A mesmerizing, inventive story of three souls in 1930s Philadelphia seizing new life while haunted by the old.
"ikh gleyb nit az di gantze velt iz kheyshekh."
"I do not believe that all the world is darkness."
In the swirl of Philadelphia at the end of Prohibition, Leyb meets Charles. They are at a former speakeasy called Cricket's, a bar that welcomes, as Charles says in his secondhand Yiddish, feygeles. Leyb is startled; fourteen years in amerike has taught him that his native tongue is not known beyond his people. And yet here is suave Charles, fingers stained with ink, an easy manner with the barkeep, a Black man from the Seventh Ward, a fellow traveler of Red Emma's, speaking Jewish to a young man he will come to call Lion.
Lion is haunted by memories of life before, in Zatelsk, where everyone in his village, everyone except the ten non-Jews, a young poet named Gittl, and Leyb himself, was taken to the forest and killed.
And then, miraculously, Gittl is in Philadelphia, too, thanks to a poem she wrote and the intervention of a shadowy character known only as the Baroness of Philadelphia. And surrounding Gittl are malokhim, the spirits of her siblings.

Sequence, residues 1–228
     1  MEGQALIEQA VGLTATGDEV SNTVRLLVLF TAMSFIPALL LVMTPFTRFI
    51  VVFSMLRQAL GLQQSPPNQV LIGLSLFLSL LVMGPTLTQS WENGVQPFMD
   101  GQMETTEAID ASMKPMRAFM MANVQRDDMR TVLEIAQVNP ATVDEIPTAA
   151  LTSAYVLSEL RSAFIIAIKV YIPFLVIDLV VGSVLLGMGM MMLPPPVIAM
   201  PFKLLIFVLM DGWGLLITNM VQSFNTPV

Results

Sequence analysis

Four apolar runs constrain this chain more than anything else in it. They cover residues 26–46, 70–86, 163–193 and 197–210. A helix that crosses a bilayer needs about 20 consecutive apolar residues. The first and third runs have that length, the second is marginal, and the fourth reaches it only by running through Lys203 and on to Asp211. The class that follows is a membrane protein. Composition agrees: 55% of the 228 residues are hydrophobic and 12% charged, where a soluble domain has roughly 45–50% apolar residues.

Flowing and churning and seething with a glorious surge of language, carried along by questions of survival and hope and the possibility of a better world, Moriel Rothman-Zecher's Before All the World lays bare the impossibility of escaping trauma, the necessity of believing in a better way ahead, and the power that comes from our responsibility to the future. It asks, in the voices of its angels, the most essential question: What do you intend to do before all the world?
Moriel Rothman-Zecher is a Jerusalem-born novelist and poet. His first novel, Sadness Is a White Bird, was a finalist for the Dayton Literary Peace Prize and the National Jewish Book Award, the winner of the Ohioana Book Award, and longlisted for the Center for Fiction's First Novel Prize. Moriel's poetry and essays have been published in Barrelhouse, Colorado Review, The Common, The New York Times, The Paris Review's Daily, and ZYZZYVA, and he is the recipient of the National Book Foundation's '5 Under 35' Honor, two MacDowell Fellowships, and Yiddishkayt's Wallis Annenberg Helix Fellowship.